[aprssig] What is "TNC Channel Switching"?
Stephen H. Smith
wa8lmf2 at aol.com
Fri Apr 11 09:16:08 CDT 2014
On 4/11/2014 9:42 AM, Andrew Pavlin wrote:
> Could one then presume that such TNC's could not participate in any binary radio network (such as TCP/IP over AX.25 or OpenTRAC), since the binary payload might contain those characters?
> Seems kind of archaic, especially with KISS having a means to send such commands without reserving byte values in the data stream.
Long before KISS, AX.25 packet communications meant keyboard-to-keyboard
conversations using TNCs operated from dumb ASCII devices like Teletype
machines, ADM3 "glass TTYs" and VT-100 terminals. Then with dumb-terminal
emulating software like ASCII Express, ProComm, Hyperterminal, etc. [The
reason TNCs have considerable firmware "intelligence" is that, in the
beginning, the devices connected to them were completely dumb keyboards; i.e.
The user typed either commands to control the functions of the TNC, or text to
be transmitted over-the-air, all from the same keyboard. You typed the command
"CONV" (converse) before typing text over the air, and "Ctrl-C" before typing a
command to the TNC's internal firmware.
There WAS NO binary data to be transmitted -- only what could be typed from a
basic keyboard; i.e. 7-bit classic ASCII. Later, full 8-bit bytes with values
above 127 decimal or $7F were transmitted by using various means of expressing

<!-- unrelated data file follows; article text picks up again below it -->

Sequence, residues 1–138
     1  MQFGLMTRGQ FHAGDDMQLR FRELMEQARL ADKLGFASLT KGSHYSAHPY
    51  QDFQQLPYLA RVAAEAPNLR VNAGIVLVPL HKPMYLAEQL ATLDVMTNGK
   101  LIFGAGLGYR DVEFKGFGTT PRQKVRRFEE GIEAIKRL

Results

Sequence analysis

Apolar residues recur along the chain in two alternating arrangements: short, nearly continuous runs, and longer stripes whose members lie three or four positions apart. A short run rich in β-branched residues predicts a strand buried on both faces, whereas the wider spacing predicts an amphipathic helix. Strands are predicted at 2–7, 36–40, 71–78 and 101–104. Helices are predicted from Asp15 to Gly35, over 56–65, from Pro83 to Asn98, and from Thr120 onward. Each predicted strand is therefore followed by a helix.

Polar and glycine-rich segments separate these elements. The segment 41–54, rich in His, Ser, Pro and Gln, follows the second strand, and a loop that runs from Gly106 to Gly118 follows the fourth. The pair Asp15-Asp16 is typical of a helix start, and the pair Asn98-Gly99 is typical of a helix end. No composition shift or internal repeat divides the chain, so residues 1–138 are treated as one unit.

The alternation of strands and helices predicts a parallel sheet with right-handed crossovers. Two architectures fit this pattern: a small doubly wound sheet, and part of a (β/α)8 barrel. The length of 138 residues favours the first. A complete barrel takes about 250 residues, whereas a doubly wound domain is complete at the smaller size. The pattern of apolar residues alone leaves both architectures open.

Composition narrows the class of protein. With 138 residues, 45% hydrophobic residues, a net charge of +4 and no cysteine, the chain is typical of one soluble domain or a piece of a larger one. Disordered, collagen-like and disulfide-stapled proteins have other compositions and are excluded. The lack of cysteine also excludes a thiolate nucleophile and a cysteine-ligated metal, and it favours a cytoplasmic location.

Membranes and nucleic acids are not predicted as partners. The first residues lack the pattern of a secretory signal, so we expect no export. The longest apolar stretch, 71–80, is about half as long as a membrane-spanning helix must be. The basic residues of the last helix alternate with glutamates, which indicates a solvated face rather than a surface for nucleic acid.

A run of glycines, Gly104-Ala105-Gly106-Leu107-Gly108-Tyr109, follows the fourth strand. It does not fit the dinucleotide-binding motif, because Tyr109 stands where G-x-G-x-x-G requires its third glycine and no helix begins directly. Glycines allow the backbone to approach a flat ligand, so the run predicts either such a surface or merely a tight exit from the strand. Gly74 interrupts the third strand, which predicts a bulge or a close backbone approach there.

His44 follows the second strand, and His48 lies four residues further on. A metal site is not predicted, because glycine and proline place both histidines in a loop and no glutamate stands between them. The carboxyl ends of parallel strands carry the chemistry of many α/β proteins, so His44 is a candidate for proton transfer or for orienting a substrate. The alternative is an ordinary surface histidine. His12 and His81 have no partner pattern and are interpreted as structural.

them as printable ASCII characters; i.e. something like hex dumps.
[This is similar to how email works even today. The actual transmission of
email still uses the original 7-bit ASCII coding; binary file attachments and
UniCode text are converted into strings of printable ASCII text for
transmission, and then converted back to 8-bit bytes at the receiving end. The
effect of this is that an attached "1 megabyte" file actually causes typically
about 1.5 megabytes to be sent over the TCP/IP link.]
When packet started being about connecting computers together, rather than dumb
keyboards and displays, the KISS protocal was added. KISS bypassed the command
interpreters in the TNC and truly used the TNC as just a dumb modem. KISS is
fully 8-bit transparent, but does provide it's own means of selectiong "logical
ports" on a single physical channel.
The Kantronics "stream switch" characters were a way of accommodating multiple
logical channels in the 7-bit ASCII world that predated KISS, by using two
typeable characters that were not used much (at least in American English and
if you weren't a Unix programmer!).
More information about the aprssig